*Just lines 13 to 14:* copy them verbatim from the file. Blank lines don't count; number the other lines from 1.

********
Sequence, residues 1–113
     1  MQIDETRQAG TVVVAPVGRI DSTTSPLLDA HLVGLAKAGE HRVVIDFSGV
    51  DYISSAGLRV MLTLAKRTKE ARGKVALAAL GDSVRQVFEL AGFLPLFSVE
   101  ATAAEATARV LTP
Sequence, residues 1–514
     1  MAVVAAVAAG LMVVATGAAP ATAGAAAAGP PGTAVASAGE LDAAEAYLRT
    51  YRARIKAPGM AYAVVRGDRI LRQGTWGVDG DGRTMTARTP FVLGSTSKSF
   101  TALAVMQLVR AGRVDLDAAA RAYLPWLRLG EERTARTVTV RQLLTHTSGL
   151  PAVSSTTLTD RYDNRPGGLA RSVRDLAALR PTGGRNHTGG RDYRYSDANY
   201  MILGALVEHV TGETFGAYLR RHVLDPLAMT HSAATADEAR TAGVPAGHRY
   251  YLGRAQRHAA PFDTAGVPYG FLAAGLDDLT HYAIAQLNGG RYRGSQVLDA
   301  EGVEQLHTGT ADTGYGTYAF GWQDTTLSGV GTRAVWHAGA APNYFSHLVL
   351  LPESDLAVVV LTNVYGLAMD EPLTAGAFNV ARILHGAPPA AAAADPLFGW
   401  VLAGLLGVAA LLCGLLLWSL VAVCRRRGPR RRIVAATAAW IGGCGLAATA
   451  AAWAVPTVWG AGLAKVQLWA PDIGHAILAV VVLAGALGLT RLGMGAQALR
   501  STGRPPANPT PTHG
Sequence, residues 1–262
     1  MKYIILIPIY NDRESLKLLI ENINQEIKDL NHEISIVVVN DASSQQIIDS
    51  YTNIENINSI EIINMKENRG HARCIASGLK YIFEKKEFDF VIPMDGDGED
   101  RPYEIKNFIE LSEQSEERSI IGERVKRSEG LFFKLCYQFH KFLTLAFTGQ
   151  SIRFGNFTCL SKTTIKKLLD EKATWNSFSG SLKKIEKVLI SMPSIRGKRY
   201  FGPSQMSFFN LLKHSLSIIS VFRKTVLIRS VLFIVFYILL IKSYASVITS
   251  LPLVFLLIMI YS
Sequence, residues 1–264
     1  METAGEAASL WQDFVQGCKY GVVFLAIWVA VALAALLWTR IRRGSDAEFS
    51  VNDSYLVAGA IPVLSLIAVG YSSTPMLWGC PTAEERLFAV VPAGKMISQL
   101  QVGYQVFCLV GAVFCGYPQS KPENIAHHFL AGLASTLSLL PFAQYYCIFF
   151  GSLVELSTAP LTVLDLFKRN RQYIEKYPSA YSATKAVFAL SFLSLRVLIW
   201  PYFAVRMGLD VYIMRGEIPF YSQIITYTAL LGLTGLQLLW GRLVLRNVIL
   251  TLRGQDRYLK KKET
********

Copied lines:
   351  LPESDLAVVV LTNVYGLAMD EPLTAGAFNV ARILHGAPPA AAAADPLFGW
   401  VLAGLLGVAA LLCGLLLWSL VAVCRRRGPR RRIVAATAAW IGGCGLAATA